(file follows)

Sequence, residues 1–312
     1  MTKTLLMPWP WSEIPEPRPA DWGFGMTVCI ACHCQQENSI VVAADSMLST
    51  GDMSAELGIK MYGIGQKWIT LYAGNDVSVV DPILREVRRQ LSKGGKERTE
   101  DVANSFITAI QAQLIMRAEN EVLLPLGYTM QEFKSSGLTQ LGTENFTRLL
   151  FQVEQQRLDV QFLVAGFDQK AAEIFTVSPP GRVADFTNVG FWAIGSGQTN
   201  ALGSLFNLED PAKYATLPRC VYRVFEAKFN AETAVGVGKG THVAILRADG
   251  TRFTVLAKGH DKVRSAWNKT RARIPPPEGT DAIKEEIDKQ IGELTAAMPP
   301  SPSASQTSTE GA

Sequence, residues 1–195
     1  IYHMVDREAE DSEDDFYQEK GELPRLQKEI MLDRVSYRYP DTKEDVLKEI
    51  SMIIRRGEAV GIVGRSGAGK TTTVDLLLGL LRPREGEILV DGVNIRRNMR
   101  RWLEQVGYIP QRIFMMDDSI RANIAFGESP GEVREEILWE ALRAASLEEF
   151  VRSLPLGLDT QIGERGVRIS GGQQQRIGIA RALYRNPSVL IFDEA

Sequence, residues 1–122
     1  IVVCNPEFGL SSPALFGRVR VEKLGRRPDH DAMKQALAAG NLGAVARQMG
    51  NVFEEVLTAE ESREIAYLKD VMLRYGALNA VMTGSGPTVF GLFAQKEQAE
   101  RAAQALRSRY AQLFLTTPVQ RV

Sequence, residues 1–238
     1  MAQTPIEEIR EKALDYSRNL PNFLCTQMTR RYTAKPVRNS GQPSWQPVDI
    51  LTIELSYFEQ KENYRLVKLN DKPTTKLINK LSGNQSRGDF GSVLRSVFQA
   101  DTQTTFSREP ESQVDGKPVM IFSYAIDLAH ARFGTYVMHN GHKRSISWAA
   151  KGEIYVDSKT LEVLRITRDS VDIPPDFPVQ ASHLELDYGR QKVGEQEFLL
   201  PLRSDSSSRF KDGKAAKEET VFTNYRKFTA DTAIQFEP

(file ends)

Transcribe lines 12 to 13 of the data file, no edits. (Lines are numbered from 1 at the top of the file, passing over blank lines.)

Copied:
   101  RWLEQVGYIP QRIFMMDDSI RANIAFGESP GEVREEILWE ALRAASLEEF
   151  VRSLPLGLDT QIGERGVRIS GGQQQRIGIA RALYRNPSVL IFDEA